The measures, introduced in context of the European Green Deal, are expected to make food systems and farming more sustainable and resilient.
With regards to soil, the package contains the soil monitoring law as well as a law which meant to increase soil health and resources. This consists of making data on soil health available via a comprehensive and coherent monitoring framework to producers and normalising sustainable soil management, while addressing soil contamination and connected risks. In addition, the establishment of a harmonised definition of soil health is included. EuChemS contributed to soil health related science-policy dialogue by submitting its response to the Public Consultation on a possible EU Soil Health Law for protecting, sustainably managing and restoring EU soils in November 2022.
The other aspect of the package concerns New Genomic Techniques (NGT). According to the Commission, NGTs have the potential of increase the sustainability and resilience of food systems, by creating climate resilient and resistant plant varieties. Science/Business explains that these measures will loosen the EU’s restrictive approach to genetic engineering. The newly defined NGT category will be separate from what is now defined as GMOs, which will allow introducing NGT crops to the market. The basis for this differentiation is the difference between GMO technology and NGT – while the former needed DNA from bacteria for the desired modification, the latter is able to create precise, targeted changes.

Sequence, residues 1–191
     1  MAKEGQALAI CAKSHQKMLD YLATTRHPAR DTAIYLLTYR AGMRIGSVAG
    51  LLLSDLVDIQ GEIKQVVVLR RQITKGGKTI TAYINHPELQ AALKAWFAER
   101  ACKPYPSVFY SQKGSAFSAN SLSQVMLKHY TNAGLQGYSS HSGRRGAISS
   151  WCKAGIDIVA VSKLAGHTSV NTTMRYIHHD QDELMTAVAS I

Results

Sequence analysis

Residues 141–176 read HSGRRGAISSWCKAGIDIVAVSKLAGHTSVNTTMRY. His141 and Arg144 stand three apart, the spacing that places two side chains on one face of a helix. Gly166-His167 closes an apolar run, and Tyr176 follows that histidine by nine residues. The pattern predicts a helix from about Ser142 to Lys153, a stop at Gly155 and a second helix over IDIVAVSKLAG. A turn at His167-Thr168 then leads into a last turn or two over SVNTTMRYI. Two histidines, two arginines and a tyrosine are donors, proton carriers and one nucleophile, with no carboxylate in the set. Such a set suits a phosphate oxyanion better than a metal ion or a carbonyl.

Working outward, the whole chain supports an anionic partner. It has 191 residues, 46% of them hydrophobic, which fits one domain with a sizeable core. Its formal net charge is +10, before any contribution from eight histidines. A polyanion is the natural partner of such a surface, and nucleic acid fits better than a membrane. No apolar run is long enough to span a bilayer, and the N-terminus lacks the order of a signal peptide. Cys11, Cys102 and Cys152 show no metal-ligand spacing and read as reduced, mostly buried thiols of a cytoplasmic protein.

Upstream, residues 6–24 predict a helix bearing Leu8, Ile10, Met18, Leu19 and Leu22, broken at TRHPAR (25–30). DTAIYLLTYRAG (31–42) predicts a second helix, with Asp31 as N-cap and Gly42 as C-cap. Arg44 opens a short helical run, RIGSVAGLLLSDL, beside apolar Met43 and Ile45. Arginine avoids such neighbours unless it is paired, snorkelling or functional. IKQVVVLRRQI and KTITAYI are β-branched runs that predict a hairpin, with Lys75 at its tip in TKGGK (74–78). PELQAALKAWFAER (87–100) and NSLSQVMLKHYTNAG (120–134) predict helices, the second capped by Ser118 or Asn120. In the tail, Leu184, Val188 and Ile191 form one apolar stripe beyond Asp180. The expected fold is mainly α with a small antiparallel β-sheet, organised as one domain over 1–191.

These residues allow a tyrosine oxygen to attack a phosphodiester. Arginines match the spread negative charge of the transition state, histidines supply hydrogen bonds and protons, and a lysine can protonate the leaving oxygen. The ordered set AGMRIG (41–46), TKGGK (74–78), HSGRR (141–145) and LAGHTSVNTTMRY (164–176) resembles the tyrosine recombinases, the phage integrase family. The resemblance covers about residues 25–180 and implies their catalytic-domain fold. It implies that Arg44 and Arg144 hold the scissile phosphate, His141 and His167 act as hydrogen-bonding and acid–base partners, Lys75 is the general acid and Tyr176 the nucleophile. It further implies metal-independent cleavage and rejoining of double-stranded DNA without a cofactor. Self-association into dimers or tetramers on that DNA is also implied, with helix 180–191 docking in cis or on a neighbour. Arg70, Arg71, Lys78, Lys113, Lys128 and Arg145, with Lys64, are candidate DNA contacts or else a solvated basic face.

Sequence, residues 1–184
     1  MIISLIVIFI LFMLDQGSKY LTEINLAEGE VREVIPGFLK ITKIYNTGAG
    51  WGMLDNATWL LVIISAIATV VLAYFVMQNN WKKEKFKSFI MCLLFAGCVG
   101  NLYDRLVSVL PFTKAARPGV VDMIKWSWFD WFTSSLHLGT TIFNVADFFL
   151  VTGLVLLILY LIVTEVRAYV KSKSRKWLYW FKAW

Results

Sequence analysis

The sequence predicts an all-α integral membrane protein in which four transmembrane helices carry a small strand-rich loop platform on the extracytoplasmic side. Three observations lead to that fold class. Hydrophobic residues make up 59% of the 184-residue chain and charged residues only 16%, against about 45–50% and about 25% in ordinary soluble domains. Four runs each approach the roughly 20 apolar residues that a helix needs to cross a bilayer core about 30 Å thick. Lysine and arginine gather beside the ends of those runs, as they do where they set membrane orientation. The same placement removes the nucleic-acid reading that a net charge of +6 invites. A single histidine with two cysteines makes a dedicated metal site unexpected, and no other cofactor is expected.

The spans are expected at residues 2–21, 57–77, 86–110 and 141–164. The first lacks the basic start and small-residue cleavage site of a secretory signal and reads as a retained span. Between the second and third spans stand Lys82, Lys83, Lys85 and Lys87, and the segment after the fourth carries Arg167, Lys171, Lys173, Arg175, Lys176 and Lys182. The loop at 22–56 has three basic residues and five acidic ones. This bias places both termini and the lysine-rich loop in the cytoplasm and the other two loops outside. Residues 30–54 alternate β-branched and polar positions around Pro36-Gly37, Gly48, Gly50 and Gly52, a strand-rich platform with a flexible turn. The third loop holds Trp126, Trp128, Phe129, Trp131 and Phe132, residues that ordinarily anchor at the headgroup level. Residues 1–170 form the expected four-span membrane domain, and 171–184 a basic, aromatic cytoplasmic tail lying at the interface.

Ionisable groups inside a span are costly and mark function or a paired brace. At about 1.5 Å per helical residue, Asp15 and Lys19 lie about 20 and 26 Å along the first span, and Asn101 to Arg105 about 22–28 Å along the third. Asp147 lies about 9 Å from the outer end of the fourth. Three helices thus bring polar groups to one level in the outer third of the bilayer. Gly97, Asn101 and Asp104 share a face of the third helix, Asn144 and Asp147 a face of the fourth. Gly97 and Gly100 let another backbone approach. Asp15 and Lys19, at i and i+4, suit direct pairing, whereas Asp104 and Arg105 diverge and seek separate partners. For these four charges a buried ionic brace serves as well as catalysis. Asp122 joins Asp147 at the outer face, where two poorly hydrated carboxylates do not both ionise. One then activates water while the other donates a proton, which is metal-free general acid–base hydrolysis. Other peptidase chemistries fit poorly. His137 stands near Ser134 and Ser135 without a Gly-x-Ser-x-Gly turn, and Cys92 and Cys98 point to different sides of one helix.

The package of measures also includes some means on reforestation by reproductive materials as well as food and textile waste reduction – however, all above proposals are to be discussed by the European Parliament and the council as part of the legislative procedure.